BLITZER: It certainly will. And none of us should be surprised if Rod Rosenstein decides maybe this is a time for him to move on as well, now that he's been embarrassed and humiliated once again by the President. Who named someone else to be the acting attorney general, not the number two at the Department of Justice.
We just received a statement from Democratic Senator, Mark Werner, of Virginia, the vice chairman of the Senate Intelligence Committee. Let me read it to our viewers.
"No one is above the law, and any effort to interfere with the Special Counsel's investigation would be a gross abuse of power by the President. While the President may have the authority to replace the Attorney General, this must not be the first step in an attempt to impede, obstruct or end the Mueller investigation. Senators from both parties have repeatedly affirmed their support for Special Counsel Robert Mueller's investigation. Every one of them should speak out now and deliver a clear message to the President that the Special Counsel's investigation must continue without interference."
TAPPER: Well, think about this, OK. President Trump knew that he had asked Sessions for his resignation and was going to replace him with somebody who had publicly made it very clear, he thinks that the Mueller investigation should be undermined one way or another. He knew that before he held this press conference. And what did he do at that press conference? He shamed Republicans who distanced themselves from him before the election and went on to lose their seats. He attacked the press for asking him questions. And then he also said to the Democrats if you choose to conduct oversight and investigate my administration, I am going to have you investigated. That's what President Trump said knowing that all of this was about to roll out. So, think about what he was trying to convey to Democrats, to the press and to Republicans who dare cross him -- Gloria.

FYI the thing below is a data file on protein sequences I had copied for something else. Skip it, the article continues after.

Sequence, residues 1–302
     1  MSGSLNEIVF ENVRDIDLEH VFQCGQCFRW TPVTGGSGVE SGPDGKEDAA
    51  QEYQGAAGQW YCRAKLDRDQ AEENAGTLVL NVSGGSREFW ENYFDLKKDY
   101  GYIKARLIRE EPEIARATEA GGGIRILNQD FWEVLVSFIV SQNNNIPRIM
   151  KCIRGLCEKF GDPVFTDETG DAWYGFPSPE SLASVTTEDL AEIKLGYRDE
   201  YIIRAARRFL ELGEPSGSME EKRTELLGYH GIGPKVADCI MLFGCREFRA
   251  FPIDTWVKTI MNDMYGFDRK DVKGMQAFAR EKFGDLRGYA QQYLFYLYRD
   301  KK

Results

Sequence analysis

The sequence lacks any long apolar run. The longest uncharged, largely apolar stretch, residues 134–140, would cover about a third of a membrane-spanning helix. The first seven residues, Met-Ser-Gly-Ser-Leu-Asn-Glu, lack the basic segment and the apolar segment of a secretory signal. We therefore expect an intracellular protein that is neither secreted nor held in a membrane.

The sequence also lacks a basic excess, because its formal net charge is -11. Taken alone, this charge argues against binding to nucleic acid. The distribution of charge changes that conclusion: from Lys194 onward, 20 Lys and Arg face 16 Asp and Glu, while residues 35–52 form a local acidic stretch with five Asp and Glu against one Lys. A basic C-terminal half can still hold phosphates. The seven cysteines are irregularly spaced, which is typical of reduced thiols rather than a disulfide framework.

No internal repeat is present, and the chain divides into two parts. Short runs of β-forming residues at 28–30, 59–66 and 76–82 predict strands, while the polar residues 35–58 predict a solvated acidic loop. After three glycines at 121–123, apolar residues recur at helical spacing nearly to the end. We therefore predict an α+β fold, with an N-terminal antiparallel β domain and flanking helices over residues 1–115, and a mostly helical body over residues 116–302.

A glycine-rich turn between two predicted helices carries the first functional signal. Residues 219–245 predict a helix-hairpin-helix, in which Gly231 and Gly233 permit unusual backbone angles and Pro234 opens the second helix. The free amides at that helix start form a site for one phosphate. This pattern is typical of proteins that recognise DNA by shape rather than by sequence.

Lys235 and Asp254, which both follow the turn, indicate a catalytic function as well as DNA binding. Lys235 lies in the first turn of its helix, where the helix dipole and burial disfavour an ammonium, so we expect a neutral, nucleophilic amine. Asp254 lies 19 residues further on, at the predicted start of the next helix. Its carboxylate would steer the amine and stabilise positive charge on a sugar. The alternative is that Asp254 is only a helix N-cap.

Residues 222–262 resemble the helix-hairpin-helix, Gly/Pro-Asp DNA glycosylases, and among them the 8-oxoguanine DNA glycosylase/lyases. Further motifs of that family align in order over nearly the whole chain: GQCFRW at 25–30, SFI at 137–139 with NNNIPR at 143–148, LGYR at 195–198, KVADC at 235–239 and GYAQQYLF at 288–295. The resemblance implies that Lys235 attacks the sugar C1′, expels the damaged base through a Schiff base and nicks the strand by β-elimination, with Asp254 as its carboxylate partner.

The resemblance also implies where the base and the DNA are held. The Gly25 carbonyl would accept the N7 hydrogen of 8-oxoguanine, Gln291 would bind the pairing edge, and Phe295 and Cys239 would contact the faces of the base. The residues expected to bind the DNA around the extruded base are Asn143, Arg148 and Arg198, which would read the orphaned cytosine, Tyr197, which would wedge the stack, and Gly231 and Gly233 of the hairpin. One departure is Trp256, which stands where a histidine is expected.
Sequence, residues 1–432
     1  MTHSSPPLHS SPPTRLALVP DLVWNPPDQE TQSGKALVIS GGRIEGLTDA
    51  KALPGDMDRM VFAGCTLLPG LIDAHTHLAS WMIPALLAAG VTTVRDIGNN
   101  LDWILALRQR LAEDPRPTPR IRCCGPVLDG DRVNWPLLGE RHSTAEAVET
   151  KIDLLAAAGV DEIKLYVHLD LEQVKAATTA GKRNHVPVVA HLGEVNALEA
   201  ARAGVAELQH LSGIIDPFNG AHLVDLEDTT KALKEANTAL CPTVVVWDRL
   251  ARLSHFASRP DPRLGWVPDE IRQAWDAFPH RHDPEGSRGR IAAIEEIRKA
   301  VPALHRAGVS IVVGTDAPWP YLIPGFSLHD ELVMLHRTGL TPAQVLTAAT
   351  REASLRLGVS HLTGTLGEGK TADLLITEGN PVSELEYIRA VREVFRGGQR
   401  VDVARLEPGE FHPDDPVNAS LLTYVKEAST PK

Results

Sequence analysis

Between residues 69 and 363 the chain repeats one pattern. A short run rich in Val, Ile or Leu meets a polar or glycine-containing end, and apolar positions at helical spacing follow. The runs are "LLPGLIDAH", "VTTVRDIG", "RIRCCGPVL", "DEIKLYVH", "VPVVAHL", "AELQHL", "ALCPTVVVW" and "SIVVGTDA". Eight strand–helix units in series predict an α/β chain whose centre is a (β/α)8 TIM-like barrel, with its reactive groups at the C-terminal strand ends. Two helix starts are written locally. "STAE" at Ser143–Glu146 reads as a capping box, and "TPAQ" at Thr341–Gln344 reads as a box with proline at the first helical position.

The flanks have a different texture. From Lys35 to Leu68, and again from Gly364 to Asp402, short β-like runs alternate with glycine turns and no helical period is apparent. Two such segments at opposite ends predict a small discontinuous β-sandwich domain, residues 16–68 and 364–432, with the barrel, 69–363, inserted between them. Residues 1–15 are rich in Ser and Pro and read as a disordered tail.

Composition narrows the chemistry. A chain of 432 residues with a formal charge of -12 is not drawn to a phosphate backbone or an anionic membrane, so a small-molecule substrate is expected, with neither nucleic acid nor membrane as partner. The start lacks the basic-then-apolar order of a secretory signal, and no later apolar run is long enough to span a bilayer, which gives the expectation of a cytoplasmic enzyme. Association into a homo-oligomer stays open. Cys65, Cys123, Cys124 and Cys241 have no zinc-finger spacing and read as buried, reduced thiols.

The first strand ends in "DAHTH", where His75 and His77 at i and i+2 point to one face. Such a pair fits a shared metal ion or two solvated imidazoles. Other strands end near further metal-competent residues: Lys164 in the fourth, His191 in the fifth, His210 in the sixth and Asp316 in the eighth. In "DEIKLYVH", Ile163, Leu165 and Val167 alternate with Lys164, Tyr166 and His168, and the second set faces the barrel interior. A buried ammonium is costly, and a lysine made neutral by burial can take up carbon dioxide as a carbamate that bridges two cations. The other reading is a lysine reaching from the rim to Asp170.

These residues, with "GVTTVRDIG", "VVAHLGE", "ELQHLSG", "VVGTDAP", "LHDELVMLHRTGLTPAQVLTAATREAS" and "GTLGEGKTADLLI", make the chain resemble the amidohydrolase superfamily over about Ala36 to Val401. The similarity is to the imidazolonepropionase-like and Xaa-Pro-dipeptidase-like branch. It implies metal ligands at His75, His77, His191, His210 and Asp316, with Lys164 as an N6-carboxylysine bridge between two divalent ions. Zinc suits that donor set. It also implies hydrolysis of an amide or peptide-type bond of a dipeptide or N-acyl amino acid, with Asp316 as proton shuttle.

GLORIA BORGER, CNN CHIEF POLITICAL ANALYST: Yes, it was a threat. It was a threat and he followed through on it. I think to step back for one minute on this Rosenstein thing. He's on his way to the White House. He was a decision-maker -- I don't want to talk about him in past tense. But he's the decision-maker about whether, for example, subpoena should be allowed for the President to testify before Mueller. And Mueller's team, as Dana and I have reported and Pamela and we've all been reporting this, that they're in the middle of negotiations with the President's attorneys.
And you have to ask the question right now about whether they're at a point where, yes, they have written questions on collusion but on obstruction, Mueller reserved the right to question the President personally. And you have to sort of ask the question about whether -- and we need to report this -- about whether something is going on vis- a-vis the President's testimony that he didn't want to happen. TAPPER: Everyone stick around. Attorney General Jeff Sessions has been fired by President Trump. We're going to squeak one quick break. Our special coverage continues in a moment. Stay with us.
[15:50:00] (COMMERCIAL BREAK)
TAPPER: Welcome to "THE LEAD," I'm Jake Tapper. We have major breaking news. President Trump has fired the Attorney General, Jeff Sessions. Sessions has been under withering criticism from President Trump, ever since he recused himself from the Russia investigation in 2017. And Sessions writing today in an undated resignation letter to the President, quote, at your request, I am submitting my resignation.